Something in the air seems to have politicians across the country behaving badly, according to the Associated Press
"Ohio Gov. Bob Taft is hardly the only politician these days to be hit by scandal. He's just the only one to admit he was wrong," Andrew Taylor writes. "House Majority Leader Tom DeLay, R-Texas, is fighting ethics charges. California Gov. Arnold Schwarzenegger is too. And two federal lawmakers are under investigation over financial dealings. "
Two members of Congress, one Republican, one Democrat, are also facing charges of serious ethical shortcomings. The FBI has raided the homes of Reps. William Jefferson (D-LA) and Randy "Duke" Cunningham (R-CA) amid charges of influence peddling.
"What's the common thread in this summer of scandal?" Taylor asks. "Money."
Recent polls have shown Congress' lowest approval ratings in a decade. I an AP-Ipsos poll taken at the beginning of August, only 33 percent of respondents said they approve of our lawmakers' performance.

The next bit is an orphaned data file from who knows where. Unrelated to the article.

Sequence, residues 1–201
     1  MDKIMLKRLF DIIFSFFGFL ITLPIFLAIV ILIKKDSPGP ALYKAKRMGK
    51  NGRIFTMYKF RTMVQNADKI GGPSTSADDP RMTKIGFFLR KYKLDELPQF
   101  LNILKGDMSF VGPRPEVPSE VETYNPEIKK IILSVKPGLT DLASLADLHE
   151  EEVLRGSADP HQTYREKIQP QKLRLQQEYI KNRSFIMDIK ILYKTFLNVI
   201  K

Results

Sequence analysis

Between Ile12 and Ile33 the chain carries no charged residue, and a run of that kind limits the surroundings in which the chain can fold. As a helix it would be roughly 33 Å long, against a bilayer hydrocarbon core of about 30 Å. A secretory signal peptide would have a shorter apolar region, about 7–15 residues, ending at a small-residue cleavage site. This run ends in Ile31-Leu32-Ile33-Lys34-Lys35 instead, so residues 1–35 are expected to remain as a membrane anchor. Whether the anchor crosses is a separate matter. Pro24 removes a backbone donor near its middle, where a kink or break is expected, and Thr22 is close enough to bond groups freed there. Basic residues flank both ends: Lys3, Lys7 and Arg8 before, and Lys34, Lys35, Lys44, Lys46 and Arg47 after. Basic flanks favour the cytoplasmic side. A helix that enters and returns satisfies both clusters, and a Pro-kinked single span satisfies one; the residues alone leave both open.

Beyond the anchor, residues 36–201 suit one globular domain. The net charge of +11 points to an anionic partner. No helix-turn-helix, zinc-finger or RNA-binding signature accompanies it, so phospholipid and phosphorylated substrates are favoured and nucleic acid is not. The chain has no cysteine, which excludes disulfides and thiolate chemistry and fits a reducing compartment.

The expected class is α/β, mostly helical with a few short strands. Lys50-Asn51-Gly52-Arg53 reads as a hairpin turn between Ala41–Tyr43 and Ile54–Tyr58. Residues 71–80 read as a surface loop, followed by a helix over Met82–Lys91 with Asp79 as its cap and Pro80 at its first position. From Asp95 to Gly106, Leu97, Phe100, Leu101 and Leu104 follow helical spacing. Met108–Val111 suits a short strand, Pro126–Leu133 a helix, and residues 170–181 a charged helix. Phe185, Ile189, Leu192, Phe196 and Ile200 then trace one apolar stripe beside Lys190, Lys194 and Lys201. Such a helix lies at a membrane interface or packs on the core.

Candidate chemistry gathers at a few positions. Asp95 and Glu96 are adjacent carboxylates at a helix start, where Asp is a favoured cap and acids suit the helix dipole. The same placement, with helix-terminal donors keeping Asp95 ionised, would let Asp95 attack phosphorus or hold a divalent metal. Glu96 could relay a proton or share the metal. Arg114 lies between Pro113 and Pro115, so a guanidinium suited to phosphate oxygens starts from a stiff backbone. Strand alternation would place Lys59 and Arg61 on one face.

Unfortunately, most of these scandals do not surprise people; they simply reinforce what voters already believe. Still, Taylor writes, there has been an increase in the number of politicians under investigation by the authorities. It remains to be seen whether this will result in a political backlash. Many in Ohio view the recent squeaker of a victory by Republican Jean Schmidt in Ohio's second Congressional district as a sign of things to come in 2006.
Charles Lewis, founder of the Center for Public Integrity, says the recent spate of scandals won't subside until lawmakers prove to their constituents that they can police themselves.
"There is a problem here and it's a substantial problem, and there seems to be very little will by politicians at most levels to face it head on," he said.